A British court on Monday rejected an attempt by a former Iraqi general to bring a private prosecution against former Prime Minister Tony Blair over the invasion of Iraq in 2003.
Blair's decision to join the U.S.-led coalition that toppled Saddam Hussein has tainted the legacy of his 10 years in office, and his critics in Britain and Iraq have been calling for him to face criminal action for years.
Iraqi General Abdel Waheed Shannan al Rabbat has been trying to bring a private prosecution against Blair and two of his former senior ministers for what his lawyers described as the crime of aggression.
But the High Court on Monday refused permission for a judicial review of an earlier ruling by a lower court that the action could not go ahead as there was no such crime under the law of England and Wales.
The general's lawyers had argued that the earlier ruling, delivered in November last year, was based on an incorrect premise and that it should be reviewed by the Supreme Court.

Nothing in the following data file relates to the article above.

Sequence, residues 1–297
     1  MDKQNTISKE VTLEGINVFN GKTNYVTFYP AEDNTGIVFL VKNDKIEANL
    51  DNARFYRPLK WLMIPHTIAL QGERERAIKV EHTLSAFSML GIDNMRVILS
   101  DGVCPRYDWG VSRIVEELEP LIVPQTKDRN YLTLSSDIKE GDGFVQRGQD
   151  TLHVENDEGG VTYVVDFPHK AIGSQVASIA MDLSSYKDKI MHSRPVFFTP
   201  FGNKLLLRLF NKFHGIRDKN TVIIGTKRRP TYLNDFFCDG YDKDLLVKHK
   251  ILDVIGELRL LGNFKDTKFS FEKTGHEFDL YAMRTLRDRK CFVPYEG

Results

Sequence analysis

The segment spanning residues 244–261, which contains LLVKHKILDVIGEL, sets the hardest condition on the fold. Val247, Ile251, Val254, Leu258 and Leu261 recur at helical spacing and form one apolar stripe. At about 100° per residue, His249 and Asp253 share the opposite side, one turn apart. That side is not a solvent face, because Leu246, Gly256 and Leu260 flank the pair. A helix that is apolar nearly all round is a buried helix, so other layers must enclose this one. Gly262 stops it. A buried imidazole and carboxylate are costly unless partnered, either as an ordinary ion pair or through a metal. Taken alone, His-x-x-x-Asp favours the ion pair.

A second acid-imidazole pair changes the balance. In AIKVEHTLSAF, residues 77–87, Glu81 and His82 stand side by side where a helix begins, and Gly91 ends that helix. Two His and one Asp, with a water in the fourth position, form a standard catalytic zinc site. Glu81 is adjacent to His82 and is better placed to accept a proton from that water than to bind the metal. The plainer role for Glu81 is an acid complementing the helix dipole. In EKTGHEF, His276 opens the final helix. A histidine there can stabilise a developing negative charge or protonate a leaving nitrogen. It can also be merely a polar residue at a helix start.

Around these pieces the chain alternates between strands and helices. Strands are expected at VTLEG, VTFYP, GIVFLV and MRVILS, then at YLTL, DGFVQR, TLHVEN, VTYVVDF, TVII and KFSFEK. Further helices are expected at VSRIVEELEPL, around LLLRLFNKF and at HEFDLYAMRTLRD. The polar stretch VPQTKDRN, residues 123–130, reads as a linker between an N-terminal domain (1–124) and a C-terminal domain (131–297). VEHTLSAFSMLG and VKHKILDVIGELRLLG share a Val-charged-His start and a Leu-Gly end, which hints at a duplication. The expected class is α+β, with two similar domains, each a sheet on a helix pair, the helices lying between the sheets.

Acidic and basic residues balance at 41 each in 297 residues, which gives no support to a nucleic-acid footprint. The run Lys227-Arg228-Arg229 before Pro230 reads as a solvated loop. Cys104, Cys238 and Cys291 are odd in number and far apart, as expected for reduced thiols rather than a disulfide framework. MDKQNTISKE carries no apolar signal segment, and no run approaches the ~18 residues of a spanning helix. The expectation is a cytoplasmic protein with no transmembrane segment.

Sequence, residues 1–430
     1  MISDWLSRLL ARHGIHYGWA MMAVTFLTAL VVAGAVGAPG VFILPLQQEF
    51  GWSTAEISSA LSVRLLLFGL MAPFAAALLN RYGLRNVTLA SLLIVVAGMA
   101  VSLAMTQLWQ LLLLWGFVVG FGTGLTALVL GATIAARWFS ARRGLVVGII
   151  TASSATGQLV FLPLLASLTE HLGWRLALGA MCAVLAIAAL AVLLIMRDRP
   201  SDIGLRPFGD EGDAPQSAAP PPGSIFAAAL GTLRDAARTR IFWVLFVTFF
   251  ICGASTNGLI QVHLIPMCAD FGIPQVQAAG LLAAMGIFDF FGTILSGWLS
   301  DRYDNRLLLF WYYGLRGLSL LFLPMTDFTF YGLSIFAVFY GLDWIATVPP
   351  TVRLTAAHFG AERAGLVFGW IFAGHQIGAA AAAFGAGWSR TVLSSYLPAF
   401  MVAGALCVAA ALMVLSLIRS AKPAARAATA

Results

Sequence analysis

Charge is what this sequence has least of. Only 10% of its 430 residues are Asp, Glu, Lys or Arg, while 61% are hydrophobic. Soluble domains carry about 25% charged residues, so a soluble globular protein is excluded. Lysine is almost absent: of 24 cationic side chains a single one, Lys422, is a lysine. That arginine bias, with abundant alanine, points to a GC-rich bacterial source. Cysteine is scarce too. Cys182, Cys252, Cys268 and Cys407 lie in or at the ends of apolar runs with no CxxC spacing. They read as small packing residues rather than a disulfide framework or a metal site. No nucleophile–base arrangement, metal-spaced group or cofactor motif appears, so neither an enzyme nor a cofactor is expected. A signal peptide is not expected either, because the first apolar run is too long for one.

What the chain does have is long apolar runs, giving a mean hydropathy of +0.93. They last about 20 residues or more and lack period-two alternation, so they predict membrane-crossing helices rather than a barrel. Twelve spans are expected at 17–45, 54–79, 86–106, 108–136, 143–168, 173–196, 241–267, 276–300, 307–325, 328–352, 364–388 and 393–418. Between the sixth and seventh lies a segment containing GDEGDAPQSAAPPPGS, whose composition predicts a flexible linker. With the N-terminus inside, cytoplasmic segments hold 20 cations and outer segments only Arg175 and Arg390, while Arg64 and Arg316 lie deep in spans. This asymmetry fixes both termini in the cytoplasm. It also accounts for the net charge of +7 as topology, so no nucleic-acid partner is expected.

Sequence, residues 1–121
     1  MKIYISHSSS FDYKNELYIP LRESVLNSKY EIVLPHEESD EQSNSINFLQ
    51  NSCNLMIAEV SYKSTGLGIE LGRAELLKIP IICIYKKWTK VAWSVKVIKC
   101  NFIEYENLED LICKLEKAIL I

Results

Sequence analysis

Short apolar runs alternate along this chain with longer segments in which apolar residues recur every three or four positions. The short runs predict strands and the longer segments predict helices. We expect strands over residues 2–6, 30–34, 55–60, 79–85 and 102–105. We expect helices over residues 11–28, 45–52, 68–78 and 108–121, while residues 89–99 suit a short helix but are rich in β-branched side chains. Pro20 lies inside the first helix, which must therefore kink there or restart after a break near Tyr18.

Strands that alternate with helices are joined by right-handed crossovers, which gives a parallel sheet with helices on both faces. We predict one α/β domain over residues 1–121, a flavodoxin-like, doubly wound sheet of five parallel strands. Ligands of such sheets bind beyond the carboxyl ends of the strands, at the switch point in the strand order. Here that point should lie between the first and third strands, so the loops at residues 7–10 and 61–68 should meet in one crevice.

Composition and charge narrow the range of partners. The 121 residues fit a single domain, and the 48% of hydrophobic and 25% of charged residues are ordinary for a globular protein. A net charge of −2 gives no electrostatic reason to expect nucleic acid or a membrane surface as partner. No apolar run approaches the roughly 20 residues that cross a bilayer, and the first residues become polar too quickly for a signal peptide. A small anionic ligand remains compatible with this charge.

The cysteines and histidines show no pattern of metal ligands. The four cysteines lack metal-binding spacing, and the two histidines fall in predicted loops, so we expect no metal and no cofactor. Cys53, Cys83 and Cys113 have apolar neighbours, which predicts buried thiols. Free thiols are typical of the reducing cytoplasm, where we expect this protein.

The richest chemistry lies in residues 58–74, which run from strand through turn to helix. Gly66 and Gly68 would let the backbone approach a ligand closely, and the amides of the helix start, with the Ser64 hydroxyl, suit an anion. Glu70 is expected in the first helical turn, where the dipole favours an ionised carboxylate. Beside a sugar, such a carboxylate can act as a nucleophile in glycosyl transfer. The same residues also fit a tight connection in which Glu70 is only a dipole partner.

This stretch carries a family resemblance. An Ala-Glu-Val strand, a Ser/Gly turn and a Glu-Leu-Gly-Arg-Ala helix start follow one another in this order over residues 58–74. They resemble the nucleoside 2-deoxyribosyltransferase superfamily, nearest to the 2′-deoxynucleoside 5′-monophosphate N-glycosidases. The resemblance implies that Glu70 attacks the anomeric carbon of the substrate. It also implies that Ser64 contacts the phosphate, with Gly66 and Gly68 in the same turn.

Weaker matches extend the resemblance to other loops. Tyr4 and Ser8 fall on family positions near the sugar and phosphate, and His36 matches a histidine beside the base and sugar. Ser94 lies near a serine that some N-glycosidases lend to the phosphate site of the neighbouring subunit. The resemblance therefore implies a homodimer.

But two senior High Court judges rejected their arguments, saying they had no prospect of success in the Supreme Court and therefore the judicial review should not be authorized.
The judges accepted that there was a crime of aggression under international law, but said there was no such crime under domestic law, which meant a prosecution for that crime could not take place in domestic courts.
Blair and the two other targets of the action, former foreign affairs minister Jack Straw and former Attorney General Peter Goldsmith, have taken no part in the legal proceedings.
Blair's reputation has been severely damaged in the eyes of many Britons by his unpopular decision to go to war in Iraq and by the chaos and conflict that have continued to plague that country since.
In a scathing report on Britain's role in Iraq published last year, a seven-year inquiry described a catalogue of failures in Blair's justification, planning and handling of the war.
Eight months before the 2003 invasion, Blair told then U.S. President George W. Bush "I will be with you, whatever", eventually sending 45,000 British troops into battle when peace options had not been exhausted, the inquiry said.
Blair has always denied lying to parliament and to the British people when he made the case for going to war, and continues to argue that the world is a better and safer place as a result of the toppling of Saddam.
"I did not mislead this country. There were no lies, there was no deceit, there was no deception," the former prime minister said after the inquiry published its report.